Book Review: Environmental Politics: Public Costs, Private Rewards Edited by Michael S. Greve and Fred L. Smith, Jr.
Courts often impose environmental liability on parties who have caused no harm.
SEPTEMBER 01, 1993 by BRIAN DOHERTY
The old rationales for central control of the economy have suffered a crippling blow at the hands of history and economic logic. Socialism has proven neither more rational, more efficient, nor more humane than the free market. But could it be more environmentally sound?
This book is edited by Michael S. Greve, the founder and executive director of the Center for Individual Rights, a public interest law firm, and Fred L. Smith, Jr., the founder and president of the Competitive Enterprise Institute (CEI), a free market think tank. It attempts to lay the ground work for a scholarly and accessible literature that makes the case that environmental command-and-control policies, even when planned with the best of intentions, are still just a road to serfdom, only paved with green bricks, to use Smith’s apposite phrase. The book’s contributors include Jonathan H. Adler and Christopher L. Culp of CEI, Marc K. Landy and Mary Hague of Boston College, Daniel F. McInnis of Georgetown University, R. Shep Melnick of Brandeis University, and David Vogel of the University of California at Berkeley. The writers are not all sympathetic to a totally free market approach, but all of them are keen analysts of the problems associated with centralized environmental planning.
There are legal hurdles in the way of sane environmental policy as well as political ones, even though all of its authors don’t seem to grasp the most sensible and fair solution. The chapter by political scientists Marc Landy and Mary Hague examines the workings of Superfund, a program designed to clean up abandoned waste dumps. The cost was supposed to be borne by the polluter, which seems sensible and just.
Unfortunately, the Superfund “polluter pays” principle, in which liability is “strict, joint and several, and retroactive,” has led to runaway tort problems where anyone with deep pockets who has any sort of connection, however tenuous, to a site (including “prior owners, users, bankers, insurers, waste generators, and transporters”) can be held liable for the entire cleanup cost, even if the site adhered to all legal and known scientific standards at the time. So Superfund cleanup attempts are generally kept tied up in court for years as any party held liable tries to drag as many other associated parties as possible into the liability process. This leads Landy and Hague to the mistaken conclusion that “clearly, it would be fairer and more efficient to simply pay for cleanup from public funds.”
But political and legal interference with free markets is not the only problem with the current state of environmental policy. When attempting to regulate “the environment,” there are often no markets to corrupt. You can have a market only when there is property to be bought and sold, and air and water pollution involve invasive actions on individuals being performed through an “unowned” medium, a “public good.”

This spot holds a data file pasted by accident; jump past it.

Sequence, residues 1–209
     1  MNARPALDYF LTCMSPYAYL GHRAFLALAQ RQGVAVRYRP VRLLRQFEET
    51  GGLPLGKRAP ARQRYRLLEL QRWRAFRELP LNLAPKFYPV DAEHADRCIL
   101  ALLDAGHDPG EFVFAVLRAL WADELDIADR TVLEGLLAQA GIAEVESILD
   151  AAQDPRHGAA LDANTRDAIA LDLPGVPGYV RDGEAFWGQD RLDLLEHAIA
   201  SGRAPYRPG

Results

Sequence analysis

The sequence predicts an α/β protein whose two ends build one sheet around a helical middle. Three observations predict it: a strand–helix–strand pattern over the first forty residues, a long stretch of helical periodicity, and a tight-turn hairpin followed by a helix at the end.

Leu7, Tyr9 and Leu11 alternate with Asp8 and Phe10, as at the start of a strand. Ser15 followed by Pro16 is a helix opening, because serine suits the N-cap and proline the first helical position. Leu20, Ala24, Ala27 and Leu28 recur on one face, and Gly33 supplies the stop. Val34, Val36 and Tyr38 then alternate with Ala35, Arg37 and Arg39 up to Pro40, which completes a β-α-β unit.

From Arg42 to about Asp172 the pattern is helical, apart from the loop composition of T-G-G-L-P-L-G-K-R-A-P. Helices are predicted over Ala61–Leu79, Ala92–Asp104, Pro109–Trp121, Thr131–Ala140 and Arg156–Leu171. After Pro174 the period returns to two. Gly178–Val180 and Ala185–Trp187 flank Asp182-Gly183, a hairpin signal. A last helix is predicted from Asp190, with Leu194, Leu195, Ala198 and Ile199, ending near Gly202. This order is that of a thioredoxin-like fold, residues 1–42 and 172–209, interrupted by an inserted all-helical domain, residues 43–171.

The book’s final chapter by Fred Smith shines an exploratory light toward an intellectual and political revolution in environmental law that would extend markets and private, voluntary arrangements to even the trickiest of pollution problems.
Smith admits the existence of problems with “tort law which . . . has been almost completely socialized,” where “courts often award compensation to parties who have suffered no demonstrable damages while imposing liability on parties who have caused no harm.” But the solution lies in the innovations that property rights and markets give incentive to create, not central governmental management. Smith points out that such innovations as fences, locks, fingerprinting, and burglar alarms only developed because of private property rights, and he hypothesizes the development of technologies that would make applying the property paradigm to currently “unowned” resources like endangered species, air, and water possible. Particularly intriguing is his notion of “chemical fingerprinting, which could identify the culprits responsible for oil spills and toxic dumping.”
Neither Smith nor the reader is able to imagine beforehand all the various mechanisms and benefits that would develop spontaneously if we were to try to extend property rights over the current “public” goods of the environment. But Environrnental Politics: Public Costs, Private Rewards makes clear that ceding all attempts at ending environmental degradation and managing environmental concerns to the government leads to private gain at public expense, and, too often, at the expense of environmental quality.
Brian Doherty is assistant editor of Regulation magazine.